Akebia is a large deciduous perennial vine that can be grown in either sun or shade. In fact, it’s one of the few perennial vines you can enjoy in a shade or woodland garden. In spring this plant shows off delicate purple or white flowers that smell of chocolate. As enticing as that scent may be, it’s the lush foliage that really makes this vine worth growing. The blue-green leaves are divided into leaflets, adding a wonderfully soft texture as the vine scales walls, pergolas, and other structures. Give akebia a sturdy support—it grows large and heavy at maturity and may crush small structures.
If springtime flowers are pollinated, akebia may produce edible, sausage-shape fruits. The vine usually needs a different variety planted nearby to produce fruit. Though edible, the fruit is not particularly tasty.
Colors of Akebia Vine
Because akebia grows fast when happy, it is ideal for creating a living privacy screen, blocking a view, or creating a lush green wall. Be sure to plant it where you'll be able to see—and smell—the springtime blossoms up close. Even without flowers, akebia makes a great plant for the back of the property. Its fine texture fades into the distance and can help even small spaces feel larger. Because it is a large, fast-growing vine, akebia is best planted on its own, rather than with other vines.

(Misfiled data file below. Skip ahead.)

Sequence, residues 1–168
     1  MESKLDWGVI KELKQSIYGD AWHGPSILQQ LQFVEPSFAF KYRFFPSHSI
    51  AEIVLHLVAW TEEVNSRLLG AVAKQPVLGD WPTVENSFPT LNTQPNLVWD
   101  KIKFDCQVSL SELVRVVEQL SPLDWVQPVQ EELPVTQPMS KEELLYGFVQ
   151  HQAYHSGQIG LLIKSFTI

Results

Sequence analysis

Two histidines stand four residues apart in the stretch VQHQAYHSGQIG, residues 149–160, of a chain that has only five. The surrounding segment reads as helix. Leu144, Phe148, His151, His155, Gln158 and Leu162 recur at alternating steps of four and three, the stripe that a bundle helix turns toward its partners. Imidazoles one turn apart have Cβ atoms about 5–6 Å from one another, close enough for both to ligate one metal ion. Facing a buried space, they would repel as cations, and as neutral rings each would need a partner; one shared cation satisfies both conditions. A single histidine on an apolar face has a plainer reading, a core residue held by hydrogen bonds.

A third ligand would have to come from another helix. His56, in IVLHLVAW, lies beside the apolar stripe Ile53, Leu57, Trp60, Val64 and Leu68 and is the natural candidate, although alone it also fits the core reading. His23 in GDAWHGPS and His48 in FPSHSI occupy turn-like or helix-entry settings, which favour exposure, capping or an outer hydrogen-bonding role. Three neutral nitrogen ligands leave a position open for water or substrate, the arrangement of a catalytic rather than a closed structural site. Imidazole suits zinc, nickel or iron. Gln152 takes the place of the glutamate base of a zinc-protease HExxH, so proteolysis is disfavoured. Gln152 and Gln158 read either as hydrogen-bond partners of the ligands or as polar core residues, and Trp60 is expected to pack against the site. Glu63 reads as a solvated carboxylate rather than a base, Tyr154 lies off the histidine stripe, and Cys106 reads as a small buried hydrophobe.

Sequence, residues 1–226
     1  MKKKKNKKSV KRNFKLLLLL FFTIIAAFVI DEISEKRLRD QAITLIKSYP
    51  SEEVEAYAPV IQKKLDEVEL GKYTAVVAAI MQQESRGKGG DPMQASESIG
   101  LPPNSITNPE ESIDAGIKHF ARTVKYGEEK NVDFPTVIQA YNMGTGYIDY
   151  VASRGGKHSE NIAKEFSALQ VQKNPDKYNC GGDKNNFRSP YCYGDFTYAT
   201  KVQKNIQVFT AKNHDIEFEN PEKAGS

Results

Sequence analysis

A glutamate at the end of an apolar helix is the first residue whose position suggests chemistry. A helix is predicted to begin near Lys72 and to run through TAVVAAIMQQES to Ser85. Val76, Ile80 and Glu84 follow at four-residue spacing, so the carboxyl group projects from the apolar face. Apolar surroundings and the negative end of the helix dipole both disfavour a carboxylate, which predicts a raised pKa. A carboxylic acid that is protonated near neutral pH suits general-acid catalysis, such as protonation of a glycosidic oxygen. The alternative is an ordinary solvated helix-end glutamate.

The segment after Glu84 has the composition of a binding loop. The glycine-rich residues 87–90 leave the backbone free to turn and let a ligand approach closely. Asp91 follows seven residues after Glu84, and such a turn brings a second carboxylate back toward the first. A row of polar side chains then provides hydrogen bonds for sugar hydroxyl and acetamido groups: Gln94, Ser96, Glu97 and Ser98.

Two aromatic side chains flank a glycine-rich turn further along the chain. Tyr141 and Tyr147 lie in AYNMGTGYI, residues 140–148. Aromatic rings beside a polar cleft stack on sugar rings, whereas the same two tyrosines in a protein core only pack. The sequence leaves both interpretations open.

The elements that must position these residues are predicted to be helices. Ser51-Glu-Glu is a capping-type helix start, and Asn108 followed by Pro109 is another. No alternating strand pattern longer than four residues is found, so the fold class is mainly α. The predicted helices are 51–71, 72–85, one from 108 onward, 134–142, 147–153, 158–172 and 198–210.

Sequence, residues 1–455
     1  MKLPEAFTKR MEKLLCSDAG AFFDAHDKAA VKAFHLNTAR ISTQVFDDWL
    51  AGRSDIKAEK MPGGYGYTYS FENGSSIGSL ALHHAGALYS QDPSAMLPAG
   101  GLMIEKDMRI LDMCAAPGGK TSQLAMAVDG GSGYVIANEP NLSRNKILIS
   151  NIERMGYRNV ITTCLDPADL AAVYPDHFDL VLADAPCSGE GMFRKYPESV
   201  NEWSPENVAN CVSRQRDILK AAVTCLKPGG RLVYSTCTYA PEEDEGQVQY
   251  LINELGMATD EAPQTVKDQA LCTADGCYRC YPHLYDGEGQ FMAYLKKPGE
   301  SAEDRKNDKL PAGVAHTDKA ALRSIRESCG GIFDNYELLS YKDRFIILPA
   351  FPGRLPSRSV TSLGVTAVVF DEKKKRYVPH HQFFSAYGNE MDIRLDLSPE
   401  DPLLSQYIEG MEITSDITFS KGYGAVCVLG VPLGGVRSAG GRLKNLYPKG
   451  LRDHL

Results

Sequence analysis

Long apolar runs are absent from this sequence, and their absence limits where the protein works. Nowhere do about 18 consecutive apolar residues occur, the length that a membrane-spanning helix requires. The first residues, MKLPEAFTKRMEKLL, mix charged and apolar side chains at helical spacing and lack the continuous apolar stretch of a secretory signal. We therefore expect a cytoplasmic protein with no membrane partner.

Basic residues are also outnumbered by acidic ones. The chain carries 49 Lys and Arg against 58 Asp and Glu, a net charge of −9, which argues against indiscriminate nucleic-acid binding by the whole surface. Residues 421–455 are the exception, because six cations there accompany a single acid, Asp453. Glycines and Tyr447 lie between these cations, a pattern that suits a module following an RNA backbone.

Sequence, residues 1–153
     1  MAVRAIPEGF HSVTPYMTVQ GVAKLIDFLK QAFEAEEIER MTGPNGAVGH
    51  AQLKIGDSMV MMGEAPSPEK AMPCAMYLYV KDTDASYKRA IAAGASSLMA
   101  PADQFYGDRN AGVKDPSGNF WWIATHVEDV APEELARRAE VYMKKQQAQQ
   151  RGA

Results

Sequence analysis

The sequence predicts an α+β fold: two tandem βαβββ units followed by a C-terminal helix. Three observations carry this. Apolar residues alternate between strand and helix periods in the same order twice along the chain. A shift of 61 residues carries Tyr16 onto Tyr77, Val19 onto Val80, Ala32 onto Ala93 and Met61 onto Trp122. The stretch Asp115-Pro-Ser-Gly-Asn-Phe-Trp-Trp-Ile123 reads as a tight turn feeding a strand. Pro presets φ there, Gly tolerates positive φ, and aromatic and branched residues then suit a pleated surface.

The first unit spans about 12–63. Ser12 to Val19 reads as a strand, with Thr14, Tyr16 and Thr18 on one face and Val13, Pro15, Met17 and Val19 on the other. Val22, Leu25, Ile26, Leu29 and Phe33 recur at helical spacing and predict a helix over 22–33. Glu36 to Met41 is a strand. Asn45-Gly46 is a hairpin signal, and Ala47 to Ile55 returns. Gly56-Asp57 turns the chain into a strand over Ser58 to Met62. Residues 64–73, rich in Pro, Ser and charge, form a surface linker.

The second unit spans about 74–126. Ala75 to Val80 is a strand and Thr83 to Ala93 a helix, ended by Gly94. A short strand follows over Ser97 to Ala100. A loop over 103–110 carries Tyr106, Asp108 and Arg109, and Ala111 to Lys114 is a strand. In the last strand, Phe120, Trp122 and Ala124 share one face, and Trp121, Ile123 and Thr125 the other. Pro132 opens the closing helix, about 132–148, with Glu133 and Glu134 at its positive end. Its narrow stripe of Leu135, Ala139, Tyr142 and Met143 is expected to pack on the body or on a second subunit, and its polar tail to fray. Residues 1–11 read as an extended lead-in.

Caring For Akebia
Grow akebia in full sun or afternoon sun with morning shade for best growth and flowering. When sited in full shade, this vine grows more slowly and blooms less than it would in full sun. In addition, the foliage doesn't get as dense.
Akebia likes moist, well-drained soil that's rich in organic matter. It doesn't handle drought well, so keep it in a place where you'll be able to provide irrigation during periods of hot, dry weather. As with most plants, providing a 3- to 4-inch-deep layer of mulch over the soil around the roots helps the soil stay moist longer in hot, dry weather. The mulch also suppresses weeds.
A fast-growing vine that needs support, akebia responds well to pruning. In fact, you can cut it back significantly in winter if it grows out of bounds. Prune it less heavily in late spring after it's finished blooming if you want to enjoy more flowers the following year.
Note: Akebia has shown some invasive tendencies. Check local restrictions before planting it.
More Varieties of Akebia
Akebia quinata has green, hand-shape foliage divided into five leaflets along with purple springtime flowers. This type of akebia limbs up to 40 feet. Zones 5-8